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Table Rules Add Up for Savvy Player

3 March 2006

Last week, we discussed a "generic" basic strategy that consisted of only nine rules and that could be used in most situations. I warned you that the generic basic strategy is not perfect, that it needs fine tuning, and that we would start going over some refinements later. But, generally speaking, you could use the simplified, generic basic strategy against most table rules.

When I speak of table rules, as opposed to basic strategy rules, I mean rules such as whether the dealer hits or stands on soft 17, whether the player is allowed to resplit aces, whether doubling after splitting is allowed, etc. Each rule contributes to or subtracts from the house edge.

The most basic table rule, however, is number of decks in use. Generally speaking, if all other things are equal, single-deck games are better than multi-deck games. When only one deck is used, the basic strategist starts out on an almost-level playing field with the casino. Almost but not quite. When two decks are used, the house advantage jumps to one-third of a percent. When there are six decks on the table, that edge increases to over half a percent.

But, unfortunately, the comparison does not stop there. Because casinos realize that a single-deck game is a good game, they throw in a lot of table rules that are not so good while leaving their six-deck games with table rules favorable to the player. A player that comparison shops then has to know the values of each table rule before he can make an informed decision as to which casino to play at.

The reason that table rules make such a big difference is that there are so many of them and they add up quickly. For example, when you're comparing video poker games, you basically look at a particular game's pay schedule plus the cashback rebate at the casino where the game is located. You also look at the advantage that some promotions may give you, but usually you start by comparing the game's expected value plus cashback.

But with blackjack, there are about 11 or 12 different table rules that you have to be aware of. True, some of them are rare, but five or six of them are common enough that it pays to know them and their relative values.

Some casinos stack so many bad rules on top of their single-deck games that those games are twice as bad as their six-deck games. Lately, and before Katrina came calling here on the Mississippi Gulf Coast, only the Copa's single-deck game was a good one, but traditionally our six-deck games have been very good games.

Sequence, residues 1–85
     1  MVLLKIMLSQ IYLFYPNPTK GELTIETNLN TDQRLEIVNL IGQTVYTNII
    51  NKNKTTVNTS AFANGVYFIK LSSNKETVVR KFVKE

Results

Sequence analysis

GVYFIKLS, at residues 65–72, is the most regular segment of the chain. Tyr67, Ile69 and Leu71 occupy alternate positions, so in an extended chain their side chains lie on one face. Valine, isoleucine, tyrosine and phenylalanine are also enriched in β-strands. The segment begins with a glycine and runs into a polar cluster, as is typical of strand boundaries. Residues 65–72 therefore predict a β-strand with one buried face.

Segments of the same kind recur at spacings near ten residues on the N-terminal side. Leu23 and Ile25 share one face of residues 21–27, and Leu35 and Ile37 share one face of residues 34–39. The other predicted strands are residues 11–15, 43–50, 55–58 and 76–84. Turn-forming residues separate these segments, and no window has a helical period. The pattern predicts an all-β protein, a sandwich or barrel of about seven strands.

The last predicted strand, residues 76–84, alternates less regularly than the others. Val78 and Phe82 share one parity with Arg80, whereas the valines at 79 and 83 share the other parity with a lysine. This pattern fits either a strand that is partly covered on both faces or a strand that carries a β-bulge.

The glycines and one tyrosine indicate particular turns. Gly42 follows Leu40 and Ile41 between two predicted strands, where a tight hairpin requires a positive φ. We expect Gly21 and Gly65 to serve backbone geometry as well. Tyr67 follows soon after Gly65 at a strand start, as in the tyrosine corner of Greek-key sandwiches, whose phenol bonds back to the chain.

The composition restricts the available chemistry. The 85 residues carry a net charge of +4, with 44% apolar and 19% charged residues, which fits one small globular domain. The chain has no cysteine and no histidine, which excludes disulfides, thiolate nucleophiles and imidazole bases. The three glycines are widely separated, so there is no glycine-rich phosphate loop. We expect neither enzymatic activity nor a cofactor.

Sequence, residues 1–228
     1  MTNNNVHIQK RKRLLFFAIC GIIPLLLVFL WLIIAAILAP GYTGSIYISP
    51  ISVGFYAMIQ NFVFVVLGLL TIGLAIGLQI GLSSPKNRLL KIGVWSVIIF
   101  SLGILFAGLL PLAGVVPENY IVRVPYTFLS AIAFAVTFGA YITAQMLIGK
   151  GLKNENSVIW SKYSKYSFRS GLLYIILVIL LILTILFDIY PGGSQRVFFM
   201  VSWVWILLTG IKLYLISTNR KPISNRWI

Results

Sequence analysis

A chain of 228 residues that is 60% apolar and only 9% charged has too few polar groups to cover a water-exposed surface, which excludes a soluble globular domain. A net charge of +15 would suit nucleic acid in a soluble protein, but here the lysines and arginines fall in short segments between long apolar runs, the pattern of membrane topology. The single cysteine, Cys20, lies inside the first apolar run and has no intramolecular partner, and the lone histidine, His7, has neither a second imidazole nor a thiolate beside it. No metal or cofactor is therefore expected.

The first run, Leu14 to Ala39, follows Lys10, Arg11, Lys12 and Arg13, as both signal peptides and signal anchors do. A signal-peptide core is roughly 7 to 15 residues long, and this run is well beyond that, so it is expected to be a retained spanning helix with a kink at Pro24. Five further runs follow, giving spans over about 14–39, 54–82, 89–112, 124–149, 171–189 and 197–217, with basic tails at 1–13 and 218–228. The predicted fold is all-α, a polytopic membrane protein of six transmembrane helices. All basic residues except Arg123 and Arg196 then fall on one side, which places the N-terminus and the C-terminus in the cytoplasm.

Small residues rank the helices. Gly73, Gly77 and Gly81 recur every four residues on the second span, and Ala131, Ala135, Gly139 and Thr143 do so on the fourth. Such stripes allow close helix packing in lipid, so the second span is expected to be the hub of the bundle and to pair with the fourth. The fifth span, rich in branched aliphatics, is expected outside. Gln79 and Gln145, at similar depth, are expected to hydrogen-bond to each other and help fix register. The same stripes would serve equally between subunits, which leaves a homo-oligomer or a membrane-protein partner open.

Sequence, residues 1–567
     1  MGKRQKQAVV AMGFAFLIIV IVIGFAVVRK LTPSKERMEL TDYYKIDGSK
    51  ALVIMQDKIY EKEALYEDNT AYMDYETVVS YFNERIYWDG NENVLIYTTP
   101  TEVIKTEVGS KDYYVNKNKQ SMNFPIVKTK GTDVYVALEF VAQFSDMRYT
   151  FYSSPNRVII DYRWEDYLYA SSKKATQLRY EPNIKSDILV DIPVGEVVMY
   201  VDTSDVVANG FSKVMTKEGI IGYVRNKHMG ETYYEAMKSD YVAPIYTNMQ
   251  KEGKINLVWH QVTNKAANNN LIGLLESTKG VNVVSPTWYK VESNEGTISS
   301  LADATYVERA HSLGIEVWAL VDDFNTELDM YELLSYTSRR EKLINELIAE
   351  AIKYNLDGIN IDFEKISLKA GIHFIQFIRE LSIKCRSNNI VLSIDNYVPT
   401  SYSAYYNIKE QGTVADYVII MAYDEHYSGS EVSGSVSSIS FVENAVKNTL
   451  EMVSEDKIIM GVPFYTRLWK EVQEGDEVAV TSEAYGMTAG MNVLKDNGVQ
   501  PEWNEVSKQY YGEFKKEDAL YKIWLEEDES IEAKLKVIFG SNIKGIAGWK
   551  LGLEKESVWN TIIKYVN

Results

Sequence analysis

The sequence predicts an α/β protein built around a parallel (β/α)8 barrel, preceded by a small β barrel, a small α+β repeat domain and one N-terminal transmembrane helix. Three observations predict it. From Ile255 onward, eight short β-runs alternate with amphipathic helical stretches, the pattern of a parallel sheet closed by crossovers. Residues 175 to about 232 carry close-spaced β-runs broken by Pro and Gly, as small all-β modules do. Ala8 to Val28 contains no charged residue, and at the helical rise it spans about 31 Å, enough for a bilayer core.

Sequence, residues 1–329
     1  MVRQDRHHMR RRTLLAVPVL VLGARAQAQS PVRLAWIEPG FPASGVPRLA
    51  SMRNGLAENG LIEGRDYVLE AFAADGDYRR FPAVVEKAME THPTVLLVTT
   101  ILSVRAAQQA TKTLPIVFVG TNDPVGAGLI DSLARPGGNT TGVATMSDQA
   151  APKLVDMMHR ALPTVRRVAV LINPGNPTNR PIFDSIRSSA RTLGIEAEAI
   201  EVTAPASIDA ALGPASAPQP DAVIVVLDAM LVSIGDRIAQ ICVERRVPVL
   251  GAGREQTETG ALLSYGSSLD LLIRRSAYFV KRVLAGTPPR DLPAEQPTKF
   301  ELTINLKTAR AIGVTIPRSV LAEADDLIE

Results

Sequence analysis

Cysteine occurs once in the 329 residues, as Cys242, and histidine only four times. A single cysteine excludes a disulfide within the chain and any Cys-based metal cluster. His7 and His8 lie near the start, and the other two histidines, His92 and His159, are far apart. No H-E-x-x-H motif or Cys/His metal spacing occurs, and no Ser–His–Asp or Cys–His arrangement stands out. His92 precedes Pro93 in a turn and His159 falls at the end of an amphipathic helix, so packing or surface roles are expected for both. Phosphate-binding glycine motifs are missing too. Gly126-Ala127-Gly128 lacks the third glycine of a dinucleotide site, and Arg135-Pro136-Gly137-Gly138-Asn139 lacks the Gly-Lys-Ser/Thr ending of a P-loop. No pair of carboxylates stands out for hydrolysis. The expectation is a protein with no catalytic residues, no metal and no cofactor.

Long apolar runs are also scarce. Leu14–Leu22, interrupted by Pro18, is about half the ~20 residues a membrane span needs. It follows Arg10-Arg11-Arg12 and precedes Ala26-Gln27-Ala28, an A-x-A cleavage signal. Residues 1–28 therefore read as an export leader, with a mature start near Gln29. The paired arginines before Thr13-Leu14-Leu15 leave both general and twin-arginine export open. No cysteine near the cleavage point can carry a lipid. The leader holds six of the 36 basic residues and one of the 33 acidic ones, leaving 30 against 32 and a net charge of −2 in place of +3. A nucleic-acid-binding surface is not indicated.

Besides increasing the number of decks, one of the worst things that a casino can do is to make the dealer hit a soft 17, that is, when he has an ace and a 6. That one is bad for the player and is becoming more and more common in Las Vegas. Fortunately, however, Coast casinos still follow Atlantic City rules as far as this one is concerned, whereas most Tunica casinos (Grand Tunica is the exception) are following Vegas' lead.

Another bad rule is the one that allows the player to double on 10 or 11 only, instead of any first two cards. This limitation is as bad for the player as the dealer's hitting a soft 17, but it's common only on single-deck tables.

A rule that is good for the player is when he's allowed to double after splitting. For example, if you split a pair of 8s and draw a 3, you want to be able to double on that 11 against almost anything a dealer has. And when you are allowed to double after splitting, that means you will split pairs more often than otherwise.

Another good thing for the player is when he is allowed to resplit pairs. For example, if you split a pair of 8s and receive another 8, you can split a second and even third time, but four hands is usually the limit.

Next week, we start with some refinements to generic basic strategy. Until then, aces and faces to you.

Linda Mabry

Low Roller Linda Mabry lives and gambles on the Mississippi Gulf Coast. She writes a weekly, general gambling advice column for the Biloxi Sun Herald, and may be contacted through her e-mail address, lnmabry@cableone.net or her web site www.thelowroller.com
Linda Mabry
Low Roller Linda Mabry lives and gambles on the Mississippi Gulf Coast. She writes a weekly, general gambling advice column for the Biloxi Sun Herald, and may be contacted through her e-mail address, lnmabry@cableone.net or her web site www.thelowroller.com